This dress was pants! Briefly! Well, culottes. This is the tale of its transformation. Welcome to episode 3 of the Summer of Love!

This was very, very temporarily a pair of midi-length Tania culottes, size L in old money. I’d been wild to make them for a while, but I rarely buy 3+ yards of fabric at a go. Happily Gather Here had a summer sale at the beginning of wedding season, and the Tanias seemed just right for an upcoming casual-nice engagement party!

I finished the culottes with about 18 hours to spare (maybe you’ve sung this song yourself) and popped them on for a triumphant fashion show. Twist!! I must have fudged the grainlines because instead of falling from the widest part of my hip, they hugged my leg to about mid-thigh and then abruptly belled out. NOT triumphant. Not even close. Triumph sent its sincerest regrets but would not be attending my legs.

Without a back-up plan, I unpicked the ol’ leg-bags and freestyled a dress. The culottes became its skirt. This was simple to engineer – I cut off the crotch extension of each piece and smoothed the waist, like so.

Then I pieced the skirt front and skirt back at the center seams. Since the Tanias are so full, that left a respectable amount of swing and flare, even sans crotch.

Unfortunately, I ended up with four little holes, from what used to be the ends of the big box pleats (the red dot on my diagram above).

Using about a square centimeter of scrap fabric and fusible hem tape, I ironed a jiffy patch to the wrong side of each hole. So far they’re holding!

For the bodice, I used the Workroom Social Tate Top (free to newsletter subscribers) in the cropped length. I had previously made this pattern as a scrap-buster. As a crop top, you can really squeeze it onto random odds and ends, especially if you add seaming. I got this from the culottes off-cuts with nothing to spare!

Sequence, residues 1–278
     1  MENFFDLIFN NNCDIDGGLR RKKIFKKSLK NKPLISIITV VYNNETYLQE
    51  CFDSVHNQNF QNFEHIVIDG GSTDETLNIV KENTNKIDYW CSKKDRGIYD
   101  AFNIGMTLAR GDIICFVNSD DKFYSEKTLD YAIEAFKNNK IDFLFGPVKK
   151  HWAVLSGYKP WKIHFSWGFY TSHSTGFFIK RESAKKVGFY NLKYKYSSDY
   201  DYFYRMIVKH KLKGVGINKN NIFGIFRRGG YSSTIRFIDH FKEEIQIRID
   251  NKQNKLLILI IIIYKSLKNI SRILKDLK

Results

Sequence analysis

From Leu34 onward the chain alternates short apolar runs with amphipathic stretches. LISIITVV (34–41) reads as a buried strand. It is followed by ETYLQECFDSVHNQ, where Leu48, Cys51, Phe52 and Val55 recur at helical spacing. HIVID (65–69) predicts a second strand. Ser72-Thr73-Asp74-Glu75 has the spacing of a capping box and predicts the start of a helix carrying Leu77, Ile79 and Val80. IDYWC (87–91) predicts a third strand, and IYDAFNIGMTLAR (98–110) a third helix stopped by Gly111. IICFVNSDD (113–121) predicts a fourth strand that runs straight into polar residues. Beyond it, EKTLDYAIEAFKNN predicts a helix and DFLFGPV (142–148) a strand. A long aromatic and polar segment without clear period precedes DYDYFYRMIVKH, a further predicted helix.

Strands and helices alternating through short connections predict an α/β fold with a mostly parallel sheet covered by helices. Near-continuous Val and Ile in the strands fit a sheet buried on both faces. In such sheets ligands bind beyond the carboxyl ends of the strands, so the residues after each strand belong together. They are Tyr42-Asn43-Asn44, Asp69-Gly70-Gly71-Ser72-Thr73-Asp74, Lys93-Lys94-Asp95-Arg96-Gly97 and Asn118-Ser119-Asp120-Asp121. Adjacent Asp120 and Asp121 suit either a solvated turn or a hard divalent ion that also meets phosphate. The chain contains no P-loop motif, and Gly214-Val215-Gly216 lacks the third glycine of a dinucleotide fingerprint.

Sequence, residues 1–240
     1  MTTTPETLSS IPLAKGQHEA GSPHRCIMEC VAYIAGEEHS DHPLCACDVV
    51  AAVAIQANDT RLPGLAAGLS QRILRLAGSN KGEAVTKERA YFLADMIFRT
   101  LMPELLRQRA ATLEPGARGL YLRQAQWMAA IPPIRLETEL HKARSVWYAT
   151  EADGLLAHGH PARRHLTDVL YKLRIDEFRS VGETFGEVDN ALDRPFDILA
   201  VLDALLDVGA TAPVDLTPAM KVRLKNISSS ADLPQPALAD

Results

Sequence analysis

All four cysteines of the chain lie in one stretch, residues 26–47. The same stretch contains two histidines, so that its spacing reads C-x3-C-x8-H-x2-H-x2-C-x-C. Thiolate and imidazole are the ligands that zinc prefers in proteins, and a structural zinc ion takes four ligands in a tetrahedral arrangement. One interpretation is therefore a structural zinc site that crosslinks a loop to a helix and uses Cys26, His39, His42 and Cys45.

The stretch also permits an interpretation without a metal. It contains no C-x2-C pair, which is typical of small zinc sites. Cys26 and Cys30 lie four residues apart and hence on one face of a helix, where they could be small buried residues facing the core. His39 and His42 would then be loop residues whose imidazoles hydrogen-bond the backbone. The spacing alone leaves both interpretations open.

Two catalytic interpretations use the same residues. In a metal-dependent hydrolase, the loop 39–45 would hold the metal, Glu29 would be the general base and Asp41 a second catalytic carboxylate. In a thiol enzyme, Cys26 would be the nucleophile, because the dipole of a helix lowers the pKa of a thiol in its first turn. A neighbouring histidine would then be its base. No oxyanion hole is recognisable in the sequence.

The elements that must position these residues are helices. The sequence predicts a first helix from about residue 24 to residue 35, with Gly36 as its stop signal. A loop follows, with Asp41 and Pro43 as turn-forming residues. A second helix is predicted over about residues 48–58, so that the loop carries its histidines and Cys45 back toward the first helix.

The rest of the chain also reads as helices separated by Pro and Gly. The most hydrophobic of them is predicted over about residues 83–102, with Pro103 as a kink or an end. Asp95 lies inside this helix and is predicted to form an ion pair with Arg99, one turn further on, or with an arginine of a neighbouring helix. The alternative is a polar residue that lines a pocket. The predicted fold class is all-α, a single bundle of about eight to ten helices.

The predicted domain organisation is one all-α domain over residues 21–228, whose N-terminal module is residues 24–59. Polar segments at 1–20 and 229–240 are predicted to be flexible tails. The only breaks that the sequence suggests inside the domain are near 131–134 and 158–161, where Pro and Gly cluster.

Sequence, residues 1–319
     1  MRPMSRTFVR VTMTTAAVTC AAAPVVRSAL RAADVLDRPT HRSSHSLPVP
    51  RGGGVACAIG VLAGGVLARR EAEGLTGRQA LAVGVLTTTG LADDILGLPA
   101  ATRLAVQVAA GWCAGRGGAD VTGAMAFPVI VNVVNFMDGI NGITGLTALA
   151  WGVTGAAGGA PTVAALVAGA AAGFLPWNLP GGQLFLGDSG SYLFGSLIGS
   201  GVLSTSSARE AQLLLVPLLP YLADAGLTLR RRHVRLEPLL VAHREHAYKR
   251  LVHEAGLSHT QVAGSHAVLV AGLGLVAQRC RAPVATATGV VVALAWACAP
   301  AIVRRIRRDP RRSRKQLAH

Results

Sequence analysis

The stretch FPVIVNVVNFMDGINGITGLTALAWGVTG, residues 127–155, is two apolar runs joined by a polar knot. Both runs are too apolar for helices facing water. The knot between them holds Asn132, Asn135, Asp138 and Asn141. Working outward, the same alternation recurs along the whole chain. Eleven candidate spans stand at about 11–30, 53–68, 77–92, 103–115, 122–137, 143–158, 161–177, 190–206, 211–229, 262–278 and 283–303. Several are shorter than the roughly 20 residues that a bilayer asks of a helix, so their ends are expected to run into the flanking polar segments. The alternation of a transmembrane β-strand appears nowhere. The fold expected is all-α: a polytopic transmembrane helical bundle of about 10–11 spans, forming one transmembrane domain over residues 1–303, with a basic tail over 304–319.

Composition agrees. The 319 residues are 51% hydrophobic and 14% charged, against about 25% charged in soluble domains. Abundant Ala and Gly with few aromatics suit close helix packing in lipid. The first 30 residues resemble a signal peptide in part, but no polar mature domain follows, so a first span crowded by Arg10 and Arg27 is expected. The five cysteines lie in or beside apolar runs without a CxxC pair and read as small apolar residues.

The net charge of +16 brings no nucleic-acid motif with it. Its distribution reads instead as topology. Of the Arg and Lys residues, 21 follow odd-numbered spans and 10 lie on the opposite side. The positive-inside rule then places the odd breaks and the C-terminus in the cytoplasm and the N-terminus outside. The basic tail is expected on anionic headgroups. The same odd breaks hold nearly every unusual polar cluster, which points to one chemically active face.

Rather than using a zip, as the pattern recommends, I divided the back bodice horizontally about 5” down. Then I cut the two upper pieces and hemmed the vertical edges separately for a simple opening. It closes with a thread chain and mother-of-pearl button, but I can get in and out without unbuttoning. I’ve definitely made versions of this with no opening at all, but you know your own coconut best!

Then I just gathered the skirt top to fit (it didn’t take much gathering), stitched them together, pressed that seam up, and topstitched. Crossed my fingers for another first try-on and hey presto! A dress!

With a handy belt leftover from a Halloween costume (I was an Egyptologist, Professor BF was a curséd mummy, it was adorable, we’re very proud), I was party-ready.

Oddly I find the Tate cropped length borderline too short for a shirt but definitely too long for a dress bodice! But by then I was sleepy. So I wore the finished dress to the engagement do, and then forgot to adjust it, and then wore it to other Summer of Love events – a bridal shower, another engagement party. It’s not quite fancy enough for a fancy wedding, but it worked great for these Bacchanals/Burning Mans/just kidding we ate finger food in a backyard.   

I wore my Halloween belt with this each time, but I might prefer it casually unbelted!

You know what – seeing this steadily and seeing it whole, I’m gonna tweak it again. I love the color and the weight of this fabric, but the bodice never sat quite right, especially in the back, and it’s a smidge tight at the underarms.

Once more for the chop, dear dress!  

Previous Summer of Love found here (part one) and here (part two).

Pattern: MN Tania culottes

Pattern cost: $9.50

Size: L, in the old MN system

Supplies: 3 1/4 yards Kaufman Essex linen/cotton in Seafoam, Gather Here, $28.60; zipper and thread, $4.60, Gather Here; button from stash

Total time: 5.25 hours

Total cost: $42.70

Pattern: Workroom Social Tate Top, as dress

Pattern cost: $0.00

Size: 8

Supplies: disassembled Tania culottes + leftover fabric

Total time: 5 hours

Total cost: $0.00